From inside the vehicle, place the column shift select lever in the DRIVE position (C6) of the OVERDRIVE (AOD and E4OD). Hang a three-pound weight on the selector lever.
Raise vehicle on a hoist.
Remove the shift cable from the transmission lever ball stud.
Pull down the lock tab on the shift cable body.
Position the transmission shift lever in the DRIVE position (C6) or the OVERDRIVE position (AOD and E4OD). This is three detents from the front-most lever position with the first position counting as one.
Connect the cable end fitting to the transmission lever ball stud.
Push up on the lock tab to lock the cable in the correctly adjusted position.
Lower vehicle down from hoist and remove the three-pound weight from the column shift select lever.
After making the adjustment, check for park engagement. Check the transmission control lever in all detent positions with the engine running to make sure correct detent/transmission actions. Readjust if necessary.
Usually this is a button on the end of a shifter or on the dash around the gauge cluster but in this instance there is no button and your car is most likely driving in safe mode and you will have to take it to have it checked for engine/transmission codes to find out what the problem is.
Over Drive..... Generally speaking, overdrive (OD) is the highest gear in the transmission. Overdrive allows the engine to operate at a lower rpm for a given road speed. This allows the vehicle to achieve better fuel efficiency, and often quieter operation on the highway. When it is switched on, an automatic transmission can shift into overdrive mode after a certain speed is reached (usually 70+ km/h [43+ mph] depending on the load). When it is off, the automatic transmission shifting is limited to the lower gears. For an automatic transmission, it is almost always best to select overdrive and allow the transmission to control engagement of the overdrive. (It may be necessary to switch it off if the vehicle is being operated in a mountainous area or when towing a trailer.) With a manual transmission, overdrive should usually be selected when the average speed is above 70 km/h (approx. 43 mph).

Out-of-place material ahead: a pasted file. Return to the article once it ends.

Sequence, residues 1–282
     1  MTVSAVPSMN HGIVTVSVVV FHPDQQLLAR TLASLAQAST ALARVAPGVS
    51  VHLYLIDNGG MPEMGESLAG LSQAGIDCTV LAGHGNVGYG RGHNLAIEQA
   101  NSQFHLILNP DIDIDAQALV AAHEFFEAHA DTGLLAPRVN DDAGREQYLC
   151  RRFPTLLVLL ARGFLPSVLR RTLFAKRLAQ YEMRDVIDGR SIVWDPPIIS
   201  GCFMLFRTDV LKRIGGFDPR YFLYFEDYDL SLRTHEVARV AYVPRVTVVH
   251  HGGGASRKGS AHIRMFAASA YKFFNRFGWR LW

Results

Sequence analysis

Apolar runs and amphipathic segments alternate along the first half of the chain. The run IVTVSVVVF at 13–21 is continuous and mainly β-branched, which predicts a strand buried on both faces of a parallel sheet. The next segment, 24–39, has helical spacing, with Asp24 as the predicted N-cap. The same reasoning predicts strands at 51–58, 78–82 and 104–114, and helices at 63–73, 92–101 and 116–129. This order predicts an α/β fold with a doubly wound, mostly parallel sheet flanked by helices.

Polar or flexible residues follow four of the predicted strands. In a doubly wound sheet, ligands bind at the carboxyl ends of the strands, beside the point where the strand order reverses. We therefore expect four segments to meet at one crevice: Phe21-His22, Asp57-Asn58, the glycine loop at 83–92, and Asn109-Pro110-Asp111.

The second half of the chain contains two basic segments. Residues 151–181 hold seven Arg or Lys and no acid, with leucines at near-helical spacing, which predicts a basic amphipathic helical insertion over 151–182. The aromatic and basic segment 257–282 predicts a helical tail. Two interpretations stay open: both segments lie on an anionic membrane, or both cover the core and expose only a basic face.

Sounds like the shift kit is warn out in the transmission. The overdrive line may not be able to provide enough hydrolic pressure to engage the gears to move the truck. When you switch to regualr drive, that line is able to build the hydrolic pressure to engage the gears. At a certian speed (for the transmission, certian hydrolic pressure) there is enough pressure to engage the gears in overdrive, but go below that, and you have to start in drive again. If this is the case, there is no easy fix for that and I recomend taking it to a transmission shop to have your shift kit examined. Opening up an automatic transmission requires specalized tools, clean shop enviroment, and knowlage more then the average back yard machanic has.
Honda transmissions,as well as most other overdrive transmissions,should be driven at all times in drive 4,or the overdrive position,with the exception of severe driving conditions,such as towing a load,extremely hilly terrain,or long uphill grades,the trans should be taken out of overdrive,and placed in the drive 3 position.This is to prevent the perpetual shifting back and forth of the trans from 3rd into 4th,back to 3rd,back to 4th,back to 3rd,that would eventually damage both the 3rd and 4th gear clutch discs and components.